13. Kleinspehn-Ammerlahn, A., Kotter-Grühn, D. and Smith, J. 2008. Self-Perceptions of Aging: Do Subjective Age and Satisfaction With Aging Change During Old Age?, The Journals of Gerontology: Series B, 63, 6, 377–385.
14. Kornadt, A.E., Hess, T.M., Voss, P. and Rothermund, K. 2016. Subjective age across the life span: A differentiate longitudinal approach. Journals of Gerontology: Psychological Sciences, 00, 1-11.
15. Kotter-Gruhn, D., Kornadt, A.E. and Stephan, Y. 2016. Looking beyond chronological age: Current knowledge and future directions in the study of subjective age. Gerontology, 62, 86-93.
16. Linn, M. W. and Hunter, K. 1979. Perception of age in the elderly. Journal of Gerontology, 34, 46–52.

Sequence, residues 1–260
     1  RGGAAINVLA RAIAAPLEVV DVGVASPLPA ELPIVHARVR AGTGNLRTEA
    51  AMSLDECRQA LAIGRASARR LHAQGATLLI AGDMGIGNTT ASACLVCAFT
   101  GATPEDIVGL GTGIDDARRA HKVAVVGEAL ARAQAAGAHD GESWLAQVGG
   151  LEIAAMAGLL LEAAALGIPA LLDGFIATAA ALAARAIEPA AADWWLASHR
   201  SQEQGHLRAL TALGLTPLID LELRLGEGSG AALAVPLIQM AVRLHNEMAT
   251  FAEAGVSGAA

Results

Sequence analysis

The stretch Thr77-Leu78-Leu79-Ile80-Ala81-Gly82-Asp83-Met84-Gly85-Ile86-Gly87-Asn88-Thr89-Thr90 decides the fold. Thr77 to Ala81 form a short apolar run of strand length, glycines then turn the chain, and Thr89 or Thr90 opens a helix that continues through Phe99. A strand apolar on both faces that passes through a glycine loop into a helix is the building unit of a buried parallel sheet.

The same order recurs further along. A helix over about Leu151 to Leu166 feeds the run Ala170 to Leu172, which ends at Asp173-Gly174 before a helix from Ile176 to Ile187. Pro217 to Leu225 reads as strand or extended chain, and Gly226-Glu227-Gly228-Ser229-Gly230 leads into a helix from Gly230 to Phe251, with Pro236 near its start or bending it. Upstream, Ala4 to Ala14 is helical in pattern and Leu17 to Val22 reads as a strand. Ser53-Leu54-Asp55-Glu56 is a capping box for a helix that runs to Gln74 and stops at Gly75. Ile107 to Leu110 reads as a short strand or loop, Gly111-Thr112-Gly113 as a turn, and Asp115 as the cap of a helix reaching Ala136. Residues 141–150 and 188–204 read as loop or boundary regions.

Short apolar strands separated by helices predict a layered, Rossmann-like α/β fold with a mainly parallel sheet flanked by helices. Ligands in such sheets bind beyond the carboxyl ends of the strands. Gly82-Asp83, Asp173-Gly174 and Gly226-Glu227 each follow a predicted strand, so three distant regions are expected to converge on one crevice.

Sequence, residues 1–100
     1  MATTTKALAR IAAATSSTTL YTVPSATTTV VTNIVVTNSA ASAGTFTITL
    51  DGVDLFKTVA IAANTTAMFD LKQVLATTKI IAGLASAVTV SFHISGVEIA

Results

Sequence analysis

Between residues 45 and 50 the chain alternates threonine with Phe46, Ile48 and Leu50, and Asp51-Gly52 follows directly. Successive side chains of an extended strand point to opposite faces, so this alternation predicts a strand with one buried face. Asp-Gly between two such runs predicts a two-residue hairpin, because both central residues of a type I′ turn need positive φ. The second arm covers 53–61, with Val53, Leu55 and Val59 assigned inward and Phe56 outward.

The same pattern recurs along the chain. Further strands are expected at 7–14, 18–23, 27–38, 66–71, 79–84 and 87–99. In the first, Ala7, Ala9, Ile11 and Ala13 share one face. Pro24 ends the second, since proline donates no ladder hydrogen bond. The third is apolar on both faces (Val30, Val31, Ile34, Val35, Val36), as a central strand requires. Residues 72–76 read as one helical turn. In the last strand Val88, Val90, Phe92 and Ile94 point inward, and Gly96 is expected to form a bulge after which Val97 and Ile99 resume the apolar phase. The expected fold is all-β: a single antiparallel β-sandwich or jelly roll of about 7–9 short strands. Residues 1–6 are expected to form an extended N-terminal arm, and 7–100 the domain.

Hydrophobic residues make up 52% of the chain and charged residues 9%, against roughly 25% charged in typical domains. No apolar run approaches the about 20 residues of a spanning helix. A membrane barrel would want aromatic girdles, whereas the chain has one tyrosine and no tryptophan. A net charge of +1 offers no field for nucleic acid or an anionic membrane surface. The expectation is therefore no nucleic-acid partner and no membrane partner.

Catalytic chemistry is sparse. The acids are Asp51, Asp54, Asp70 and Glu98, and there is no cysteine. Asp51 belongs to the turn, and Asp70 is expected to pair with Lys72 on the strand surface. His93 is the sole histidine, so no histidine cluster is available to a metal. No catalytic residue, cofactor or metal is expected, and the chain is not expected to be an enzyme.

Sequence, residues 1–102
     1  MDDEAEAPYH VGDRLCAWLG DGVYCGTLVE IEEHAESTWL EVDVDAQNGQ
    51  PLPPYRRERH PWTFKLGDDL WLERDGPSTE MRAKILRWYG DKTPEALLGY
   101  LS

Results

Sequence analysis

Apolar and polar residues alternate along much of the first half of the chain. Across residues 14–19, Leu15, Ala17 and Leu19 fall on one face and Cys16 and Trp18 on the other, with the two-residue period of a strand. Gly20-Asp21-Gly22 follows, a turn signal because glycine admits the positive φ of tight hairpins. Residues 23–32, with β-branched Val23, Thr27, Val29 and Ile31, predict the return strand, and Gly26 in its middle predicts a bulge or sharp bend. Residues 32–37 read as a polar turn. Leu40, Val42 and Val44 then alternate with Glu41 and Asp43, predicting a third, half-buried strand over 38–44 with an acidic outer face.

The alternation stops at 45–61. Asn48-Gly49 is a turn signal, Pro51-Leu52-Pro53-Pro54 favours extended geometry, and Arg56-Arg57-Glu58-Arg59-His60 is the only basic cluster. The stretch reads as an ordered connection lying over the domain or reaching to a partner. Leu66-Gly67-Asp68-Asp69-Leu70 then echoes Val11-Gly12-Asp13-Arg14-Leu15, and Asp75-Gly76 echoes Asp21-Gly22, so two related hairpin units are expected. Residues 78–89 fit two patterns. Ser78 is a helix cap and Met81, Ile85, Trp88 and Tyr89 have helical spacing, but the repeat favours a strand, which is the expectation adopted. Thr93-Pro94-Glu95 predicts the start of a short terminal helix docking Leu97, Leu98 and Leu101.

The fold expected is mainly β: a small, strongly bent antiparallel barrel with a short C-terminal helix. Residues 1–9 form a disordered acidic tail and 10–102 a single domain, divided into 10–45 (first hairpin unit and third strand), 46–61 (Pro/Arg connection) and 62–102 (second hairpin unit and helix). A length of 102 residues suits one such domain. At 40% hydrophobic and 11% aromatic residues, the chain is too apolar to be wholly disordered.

17. Mann, C. J. (2012). Observational research methods—Cohort studies, cross sectional studies, and case–control studies. African Journal of Emergency Medicine, 2(1), 38-46.
18. Maxwell, J. (1997). Designing a qualitative study. In L. Bickman & D. J. Rog (Eds.) Handbook of applied social research methods (pp. 69-100). Thousand Oaks, CA: Sage.
19. Mead, G.H. 1962. Mind Self and Society. The University of Chicago Press, Chicago.
20. McEniry, Mary. 2015. Research on Early Life and Aging Trends and Effects (RELATE): A Cross-National Study. ICPSR34241-v2. Ann Arbor, MI: Inter-university Consortium for Political and Social Research [distributor], 2015-05-07. https://doi.org/10.3886/ICPSR34241.v2
21. Montepare, J.M. 2009. Subjective age: Toward a guiding lifespan framework. International Journal of Behavioral Development, 33, 1, 42-46.